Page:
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Photosynthesis Lab Mini-Poster

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Ariel Bolingbroke

on 17 April 2017

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Transcript of Photosynthesis Lab Mini-Poster

Introduction
Materials and Methods
Results
Discussion
References
<The Effect of Boiling the Chloroplasts on Photosynthesis >
<Ariel Bolingbroke>

Research Question
Background
Hypothesis
Materials
Procedure
Include all published works mentioned in your presentation. List in APA bibliographic form.
Graphs
Data Tables
How does boiling the chloroplasts affect their photosynthesis?
Boiling the chloroplasts will have no effect on their rate of photosynthesis. As time, the independent variable, is increased, the dependent variable, percent of light absorbed, will increase too at the same rate, for both the control and the experimental groups.
Behm, N. (2011). Retrieved from http://www.tiffin.k12.oh.us/userfiles/987/Classes/1553/
Nicole%20%Behm%20Photosynthesis%20Poster.pdf
Percent of light absorbed at each time interval (in minutes) Trial One
Time Elapsed (minutes)
Percent
of light
absorbed
Inorganic molecules are changed into organic molecules for life's energy use through photosynthesis. Photosynthesis is largely performed in plants by their chloroplasts. The chloroplasts convert light energy, water, and carbon dioxide into the oxygen and sugar that is needed for cellular respiration. However, the proteins and enzymes in the chloroplasts that are vital to the photosynthesis process are susceptible to denaturing when exposed to high levels of heat, just like any other protein.
Campbell, N., Reece J., Taylor, M., & Simon, E. (2006). Biology: Concepts and Connections.
(5th ed.). San Francisco, CA: Pearson Custom Publishing.
Light source
6 mL Distilled Water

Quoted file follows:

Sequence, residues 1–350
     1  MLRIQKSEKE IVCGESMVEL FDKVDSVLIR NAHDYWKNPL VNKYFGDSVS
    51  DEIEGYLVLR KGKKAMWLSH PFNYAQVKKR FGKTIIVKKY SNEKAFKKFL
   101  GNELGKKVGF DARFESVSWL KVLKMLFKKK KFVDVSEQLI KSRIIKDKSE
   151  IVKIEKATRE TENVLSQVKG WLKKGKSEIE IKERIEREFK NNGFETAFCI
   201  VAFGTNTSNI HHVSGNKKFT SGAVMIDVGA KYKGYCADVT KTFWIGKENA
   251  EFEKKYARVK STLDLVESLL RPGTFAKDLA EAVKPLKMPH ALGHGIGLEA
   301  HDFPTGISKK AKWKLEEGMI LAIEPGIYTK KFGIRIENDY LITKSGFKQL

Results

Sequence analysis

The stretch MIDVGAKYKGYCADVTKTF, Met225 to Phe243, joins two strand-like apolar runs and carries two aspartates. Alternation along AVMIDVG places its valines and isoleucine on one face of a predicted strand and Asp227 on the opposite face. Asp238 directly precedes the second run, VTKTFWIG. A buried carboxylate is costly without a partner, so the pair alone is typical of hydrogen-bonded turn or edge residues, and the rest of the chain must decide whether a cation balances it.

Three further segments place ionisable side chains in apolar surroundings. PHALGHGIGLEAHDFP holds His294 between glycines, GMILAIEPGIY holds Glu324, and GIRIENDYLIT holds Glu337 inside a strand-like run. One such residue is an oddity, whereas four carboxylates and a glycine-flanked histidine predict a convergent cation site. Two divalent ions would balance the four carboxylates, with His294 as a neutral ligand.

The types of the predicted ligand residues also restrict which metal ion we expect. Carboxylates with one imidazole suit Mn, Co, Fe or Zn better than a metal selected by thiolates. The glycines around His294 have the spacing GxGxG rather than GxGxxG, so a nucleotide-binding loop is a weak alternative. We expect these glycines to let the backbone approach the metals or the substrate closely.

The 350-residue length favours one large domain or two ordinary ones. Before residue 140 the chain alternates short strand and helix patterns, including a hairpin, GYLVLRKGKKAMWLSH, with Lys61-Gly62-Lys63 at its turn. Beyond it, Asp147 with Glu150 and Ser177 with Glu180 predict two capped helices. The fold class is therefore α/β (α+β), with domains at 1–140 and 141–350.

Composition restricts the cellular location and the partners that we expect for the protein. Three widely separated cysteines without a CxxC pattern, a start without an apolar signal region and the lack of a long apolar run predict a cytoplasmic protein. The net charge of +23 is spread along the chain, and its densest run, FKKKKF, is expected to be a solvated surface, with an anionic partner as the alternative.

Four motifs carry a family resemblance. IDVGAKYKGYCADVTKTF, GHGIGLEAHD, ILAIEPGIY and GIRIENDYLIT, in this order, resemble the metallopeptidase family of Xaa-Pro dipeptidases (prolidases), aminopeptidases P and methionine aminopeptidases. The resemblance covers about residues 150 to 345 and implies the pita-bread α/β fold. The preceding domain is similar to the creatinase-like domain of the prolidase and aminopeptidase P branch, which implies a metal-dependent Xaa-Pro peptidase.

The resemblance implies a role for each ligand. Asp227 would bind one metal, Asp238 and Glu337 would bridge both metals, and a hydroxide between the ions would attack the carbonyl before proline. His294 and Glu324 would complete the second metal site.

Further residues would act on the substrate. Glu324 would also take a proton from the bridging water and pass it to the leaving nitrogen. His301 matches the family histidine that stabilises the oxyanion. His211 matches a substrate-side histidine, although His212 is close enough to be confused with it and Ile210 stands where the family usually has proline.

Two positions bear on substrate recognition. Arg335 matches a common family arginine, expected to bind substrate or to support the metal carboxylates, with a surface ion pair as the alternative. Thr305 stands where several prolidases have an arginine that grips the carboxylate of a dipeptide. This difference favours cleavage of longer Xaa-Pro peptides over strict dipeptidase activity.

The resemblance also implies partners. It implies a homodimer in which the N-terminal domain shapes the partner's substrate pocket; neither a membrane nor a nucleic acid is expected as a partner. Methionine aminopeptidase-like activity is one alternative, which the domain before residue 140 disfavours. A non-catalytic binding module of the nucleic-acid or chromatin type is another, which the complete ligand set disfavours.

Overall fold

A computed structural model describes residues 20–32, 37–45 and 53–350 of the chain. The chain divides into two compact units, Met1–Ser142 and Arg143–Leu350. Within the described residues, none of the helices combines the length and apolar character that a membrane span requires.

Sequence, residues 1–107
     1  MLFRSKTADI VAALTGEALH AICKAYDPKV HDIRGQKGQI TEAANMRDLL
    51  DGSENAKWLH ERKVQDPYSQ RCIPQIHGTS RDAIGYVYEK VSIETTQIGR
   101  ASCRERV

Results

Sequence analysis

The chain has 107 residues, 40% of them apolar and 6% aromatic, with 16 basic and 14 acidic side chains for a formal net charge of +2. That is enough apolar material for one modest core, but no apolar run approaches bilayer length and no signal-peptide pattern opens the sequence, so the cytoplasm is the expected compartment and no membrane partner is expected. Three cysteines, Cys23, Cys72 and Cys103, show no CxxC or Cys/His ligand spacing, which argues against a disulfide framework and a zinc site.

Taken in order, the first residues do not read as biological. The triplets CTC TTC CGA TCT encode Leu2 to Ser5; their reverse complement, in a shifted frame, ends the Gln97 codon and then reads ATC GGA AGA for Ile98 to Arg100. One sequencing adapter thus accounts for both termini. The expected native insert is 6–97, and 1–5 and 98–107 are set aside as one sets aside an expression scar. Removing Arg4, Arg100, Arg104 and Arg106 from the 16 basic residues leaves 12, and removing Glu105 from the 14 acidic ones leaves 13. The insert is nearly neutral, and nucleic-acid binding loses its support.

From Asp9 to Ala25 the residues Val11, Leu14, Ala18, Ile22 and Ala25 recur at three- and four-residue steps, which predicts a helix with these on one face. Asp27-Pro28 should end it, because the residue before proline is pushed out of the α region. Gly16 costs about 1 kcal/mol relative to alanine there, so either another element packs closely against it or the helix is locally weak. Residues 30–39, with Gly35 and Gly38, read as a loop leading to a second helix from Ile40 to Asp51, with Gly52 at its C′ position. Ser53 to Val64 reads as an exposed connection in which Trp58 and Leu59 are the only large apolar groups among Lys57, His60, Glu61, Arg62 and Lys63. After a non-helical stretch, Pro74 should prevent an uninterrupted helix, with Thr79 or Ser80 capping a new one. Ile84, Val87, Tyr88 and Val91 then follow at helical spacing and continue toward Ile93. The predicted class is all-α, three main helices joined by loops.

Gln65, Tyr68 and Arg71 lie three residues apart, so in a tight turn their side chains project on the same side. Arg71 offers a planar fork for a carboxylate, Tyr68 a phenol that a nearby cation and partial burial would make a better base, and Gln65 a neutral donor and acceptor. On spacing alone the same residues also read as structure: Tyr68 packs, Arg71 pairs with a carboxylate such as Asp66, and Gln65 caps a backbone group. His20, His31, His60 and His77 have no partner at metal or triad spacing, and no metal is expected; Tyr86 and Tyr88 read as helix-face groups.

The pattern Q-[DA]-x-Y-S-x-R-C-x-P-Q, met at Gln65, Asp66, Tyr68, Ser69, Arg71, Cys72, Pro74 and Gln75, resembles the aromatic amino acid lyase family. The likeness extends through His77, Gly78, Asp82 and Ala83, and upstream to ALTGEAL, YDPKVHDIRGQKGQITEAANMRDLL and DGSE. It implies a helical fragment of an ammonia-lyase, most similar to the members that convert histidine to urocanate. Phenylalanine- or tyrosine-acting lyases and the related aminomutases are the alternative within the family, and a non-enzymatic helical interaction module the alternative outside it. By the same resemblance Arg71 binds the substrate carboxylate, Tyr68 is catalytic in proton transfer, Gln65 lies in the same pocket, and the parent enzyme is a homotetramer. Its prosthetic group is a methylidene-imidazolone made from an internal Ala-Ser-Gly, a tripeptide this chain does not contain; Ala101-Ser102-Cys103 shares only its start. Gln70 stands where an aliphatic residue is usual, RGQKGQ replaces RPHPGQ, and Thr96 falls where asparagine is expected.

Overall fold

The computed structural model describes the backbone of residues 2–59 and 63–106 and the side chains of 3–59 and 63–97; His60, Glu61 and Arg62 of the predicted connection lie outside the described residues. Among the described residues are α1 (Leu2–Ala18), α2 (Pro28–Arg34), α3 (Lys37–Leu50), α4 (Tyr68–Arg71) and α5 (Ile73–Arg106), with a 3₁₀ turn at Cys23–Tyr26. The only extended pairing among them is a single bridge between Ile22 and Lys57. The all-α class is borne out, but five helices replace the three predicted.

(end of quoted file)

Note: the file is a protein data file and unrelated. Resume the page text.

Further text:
Spectrophotometer to measure the light absorbed
3 cuvettes
2 mL DPIP
3 oz spinach leaf circles
3 oz boiled spinach leaf circles
***In the interest of safety, use gloves when handling DPIP. Use spectrophotometer as intended. Keep all materials out of mouth and eyes.***
Use one blank cuvette to set the spectrophotometer. Put 3 mL of water into each of the remaining two cuvettes (cuvettes 1 and 2). Put 1 mL of DPIP into each of those cuvettes. Add non-boiled leaves to cuvette 1 and boiled leaves to cuvette 2. Place both cuvettes under light source. Place each cuvette into the spectrometer every 5 minutes for 20 minutes to read the percent of light absorbed. Repeat trial twice more.
Abstract
The effect of boiling the chloroplasts on photosynthesis is measured by placing boiled and non-boiled leaf circles inside cuvettes with water and DPIP under a light source for 20 minutes, measuring the percent of light absorbed every 5 minutes with a spectrophotometer. The non-boiled leaves will act as the control group. The expected result is that the boiled leaves will absorb very little light, showing that little photosynthesis is being performed, because the proteins in the chloroplasts will have denatured and stopped functioning. This result occurred, with the non-boiled chloroplasts doubling the percent of light absorbed during the experiment, while the boiled chloroplasts showed almost no change in light absorbed.
This experiment tested whether the boiling of chloroplasts would have any effect on their photosynthesis by testing how much light was absorbed by boiled chloroplasts and non-boiled chloroplasts. The null hypothesis, which stated that boiling the chloroplasts would have no effect on the rate of photosynthesis, was falsified. The expected result-- that the boiled chloroplasts would have dramatically lowered photosynthesis activity--occurred. The control group of non-boiled chloroplasts more than doubled the percent of light absorbed, while the boiled chloroplasts absorbed very little light. This is most likely due to the boiling of the chloroplasts having exposed them to high enough temperatures that the heat denatured the proteins inside the chloroplasts. Since the proteins lost their shapes, they lost their functions, stalling the completion of their "jobs" and inhibiting the entire process of photosynthesis.
Further research can be conducted on this subject by conducting experiments to see, as the temperature is increased, at what exact temperature do the chloroplasts stop functioning.
Independent Variable: Time Dependent Variable: Percent of light absorbed
Central Virginia Governor's School for Science & Technology. (n.d.). [photo of cuvette being
inserted into spectrophotometer]. Retrieved from http://www.cvgs.k12.va.us:81/curric
TechSupport/Step%204.htm
Trial One Percent of light absorbed over time
General Botany Laboratory BYUI. (2011). [photo of leaf discs and hole puncher] Retrieved
from http://emp.byui.edu/wellerg/Photosynthesis%20Lab/Instructions/Photosynthesi
%20Lab%20Instructions%2002.html
Joiner, S. (n.d.). Retrieved from http://www.scribd.com/doc/30834264/AP-Lab-4
Luu, D. (n.d.). Retrieved from https://sites.google.com/site/dexterluusaplabs/ap-lab-4
photosynthesis
Trial Two
Trial Two
Trial Three
Trial Three
Full transcript